A well-known trick used by Nintendo to keep its slowly aging SNES console fresh against newer competition was to produce new games with additional supporting chips in the cartridge to drive out previously unimaginable performance. Chips like the famous SuperFX gave us 3D polygonal graphics, but it would be a few more years before even much faster platforms could achieve real-time ray tracing. Nintendo may not have succeeded, but here in 2020 [Ben Carter] has an SNES on its couch that depicts a complex 3D ray-traced world.
Ray tracing refers to the practice of rendering a scene with accurate lighting by following the rays of light that go to each pixel. It can achieve results even close to photorealism, but it remains an extremely computationally intensive task for any computer. To do this with an SNES, he hasn’t resorted to a modern computer like the excellent Raspberry-Pi-based NES DOOM cartridge, but instead tried to create something that might be a modified Nintendo in the 1990s. chip. The tool may be a thoroughly modern DE10-Nano FPGA development board, but what it implements could possibly have been made as a 90s ASIC. It contains three ray tracing cores that do the job, but the final playback is handled by the SNES itself. At 200 x 160 pixels and 256 colors, it’s not a graphics powerhouse, but the maximum frame rate of 30 fps makes no slouch for the day. The video below the break provides additional detail.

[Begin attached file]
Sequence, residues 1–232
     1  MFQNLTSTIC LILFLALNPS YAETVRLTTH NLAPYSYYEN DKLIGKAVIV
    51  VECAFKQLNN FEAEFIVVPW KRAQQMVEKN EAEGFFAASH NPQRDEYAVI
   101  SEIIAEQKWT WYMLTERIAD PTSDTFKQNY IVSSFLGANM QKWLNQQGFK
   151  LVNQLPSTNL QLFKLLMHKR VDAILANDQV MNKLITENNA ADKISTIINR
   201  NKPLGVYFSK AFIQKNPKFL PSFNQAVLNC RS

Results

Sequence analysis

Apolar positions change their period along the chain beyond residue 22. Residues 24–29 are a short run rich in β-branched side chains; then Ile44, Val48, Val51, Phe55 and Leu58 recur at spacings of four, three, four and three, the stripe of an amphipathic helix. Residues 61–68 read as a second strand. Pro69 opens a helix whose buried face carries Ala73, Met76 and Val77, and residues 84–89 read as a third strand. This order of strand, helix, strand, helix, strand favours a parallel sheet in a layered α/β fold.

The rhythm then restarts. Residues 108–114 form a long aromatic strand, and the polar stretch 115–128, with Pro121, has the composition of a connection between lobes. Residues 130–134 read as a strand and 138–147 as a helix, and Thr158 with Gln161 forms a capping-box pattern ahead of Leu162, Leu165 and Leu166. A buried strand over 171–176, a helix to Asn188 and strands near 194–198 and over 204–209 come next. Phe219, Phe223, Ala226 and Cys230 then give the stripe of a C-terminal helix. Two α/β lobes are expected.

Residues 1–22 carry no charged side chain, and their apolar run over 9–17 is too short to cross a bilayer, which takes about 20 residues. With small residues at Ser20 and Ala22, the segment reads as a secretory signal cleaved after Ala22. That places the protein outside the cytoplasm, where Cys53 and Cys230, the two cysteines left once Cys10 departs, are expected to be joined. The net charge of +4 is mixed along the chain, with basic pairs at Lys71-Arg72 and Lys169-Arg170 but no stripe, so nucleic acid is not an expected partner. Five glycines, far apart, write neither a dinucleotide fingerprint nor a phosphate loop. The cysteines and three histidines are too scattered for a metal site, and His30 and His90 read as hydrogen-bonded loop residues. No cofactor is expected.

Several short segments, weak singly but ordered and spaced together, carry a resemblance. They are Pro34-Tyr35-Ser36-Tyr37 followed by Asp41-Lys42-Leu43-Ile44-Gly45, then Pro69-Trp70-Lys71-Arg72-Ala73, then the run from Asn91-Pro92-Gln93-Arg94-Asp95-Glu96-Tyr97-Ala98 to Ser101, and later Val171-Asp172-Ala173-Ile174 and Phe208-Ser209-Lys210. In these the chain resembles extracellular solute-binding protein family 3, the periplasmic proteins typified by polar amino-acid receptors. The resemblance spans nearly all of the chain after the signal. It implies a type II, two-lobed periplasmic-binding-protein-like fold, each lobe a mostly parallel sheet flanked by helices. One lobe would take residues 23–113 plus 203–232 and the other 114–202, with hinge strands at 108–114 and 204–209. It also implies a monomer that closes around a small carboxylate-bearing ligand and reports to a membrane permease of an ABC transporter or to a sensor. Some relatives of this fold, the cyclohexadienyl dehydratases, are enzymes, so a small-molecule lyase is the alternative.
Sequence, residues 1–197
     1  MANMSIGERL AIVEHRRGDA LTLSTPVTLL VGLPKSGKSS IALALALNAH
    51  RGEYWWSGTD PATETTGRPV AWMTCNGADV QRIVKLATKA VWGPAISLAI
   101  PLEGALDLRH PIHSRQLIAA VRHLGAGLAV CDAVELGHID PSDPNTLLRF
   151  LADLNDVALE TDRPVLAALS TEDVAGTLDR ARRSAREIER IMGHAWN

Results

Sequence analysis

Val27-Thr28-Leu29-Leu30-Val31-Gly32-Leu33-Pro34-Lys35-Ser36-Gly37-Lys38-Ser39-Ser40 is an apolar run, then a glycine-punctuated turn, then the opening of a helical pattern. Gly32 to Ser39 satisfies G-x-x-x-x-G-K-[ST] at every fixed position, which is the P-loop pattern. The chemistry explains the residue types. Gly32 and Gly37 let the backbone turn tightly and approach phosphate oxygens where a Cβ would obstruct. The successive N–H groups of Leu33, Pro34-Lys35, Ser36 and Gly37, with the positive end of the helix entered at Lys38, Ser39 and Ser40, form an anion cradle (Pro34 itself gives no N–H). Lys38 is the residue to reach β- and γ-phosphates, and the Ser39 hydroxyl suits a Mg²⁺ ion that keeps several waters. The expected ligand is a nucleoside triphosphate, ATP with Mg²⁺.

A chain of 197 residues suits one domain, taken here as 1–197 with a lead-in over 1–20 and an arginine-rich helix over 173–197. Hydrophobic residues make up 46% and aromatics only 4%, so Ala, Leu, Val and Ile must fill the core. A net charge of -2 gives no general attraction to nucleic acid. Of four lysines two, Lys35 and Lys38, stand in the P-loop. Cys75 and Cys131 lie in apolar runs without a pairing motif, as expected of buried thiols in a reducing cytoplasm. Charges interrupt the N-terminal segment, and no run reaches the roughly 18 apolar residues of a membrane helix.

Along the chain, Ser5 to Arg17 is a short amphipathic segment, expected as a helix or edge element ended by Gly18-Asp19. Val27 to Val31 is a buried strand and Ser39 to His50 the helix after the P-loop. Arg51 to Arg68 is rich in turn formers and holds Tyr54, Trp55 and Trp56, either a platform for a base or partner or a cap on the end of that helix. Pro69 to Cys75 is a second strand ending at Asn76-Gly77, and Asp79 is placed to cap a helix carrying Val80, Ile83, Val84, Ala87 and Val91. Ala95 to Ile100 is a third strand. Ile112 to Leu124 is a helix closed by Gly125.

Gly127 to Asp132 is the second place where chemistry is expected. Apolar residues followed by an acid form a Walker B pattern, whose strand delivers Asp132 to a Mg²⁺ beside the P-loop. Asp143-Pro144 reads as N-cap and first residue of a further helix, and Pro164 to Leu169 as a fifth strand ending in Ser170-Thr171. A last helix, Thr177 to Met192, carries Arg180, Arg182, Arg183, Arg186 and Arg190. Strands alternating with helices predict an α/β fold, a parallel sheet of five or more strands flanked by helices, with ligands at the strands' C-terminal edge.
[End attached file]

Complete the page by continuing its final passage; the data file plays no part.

Perhaps an unexpected takeaway from the scene featured lies in what it looks like from its era. It comes from a time when chessboard floors, mirrored balls and azure skies looked like so futuristic, and just for people like Toy Story redefined what the general public can expect from 3D rendering. If Nintendo had made a ray-traced SNES game with a chip like this, that would certainly have been a defining moment for gaming in that decade.
Thanks [Mark] for the tip.